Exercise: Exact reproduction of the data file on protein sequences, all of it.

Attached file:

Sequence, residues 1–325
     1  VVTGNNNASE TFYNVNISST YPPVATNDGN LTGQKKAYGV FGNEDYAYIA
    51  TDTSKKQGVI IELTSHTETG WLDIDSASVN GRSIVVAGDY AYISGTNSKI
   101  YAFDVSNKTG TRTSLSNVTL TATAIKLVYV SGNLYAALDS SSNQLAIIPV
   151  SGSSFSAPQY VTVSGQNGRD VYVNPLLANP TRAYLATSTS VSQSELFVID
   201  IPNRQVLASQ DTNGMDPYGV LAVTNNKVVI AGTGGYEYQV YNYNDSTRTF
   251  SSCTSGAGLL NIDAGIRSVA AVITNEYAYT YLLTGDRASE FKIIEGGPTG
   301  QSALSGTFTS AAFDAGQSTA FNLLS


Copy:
Sequence, residues 1–325
     1  VVTGNNNASE TFYNVNISST YPPVATNDGN LTGQKKAYGV FGNEDYAYIA
    51  TDTSKKQGVI IELTSHTETG WLDIDSASVN GRSIVVAGDY AYISGTNSKI
   101  YAFDVSNKTG TRTSLSNVTL TATAIKLVYV SGNLYAALDS SSNQLAIIPV
   151  SGSSFSAPQY VTVSGQNGRD VYVNPLLANP TRAYLATSTS VSQSELFVID
   201  IPNRQVLASQ DTNGMDPYGV LAVTNNKVVI AGTGGYEYQV YNYNDSTRTF
   251  SSCTSGAGLL NIDAGIRSVA AVITNEYAYT YLLTGDRASE FKIIEGGPTG
   301  QSALSGTFTS AAFDAGQSTA FNLLS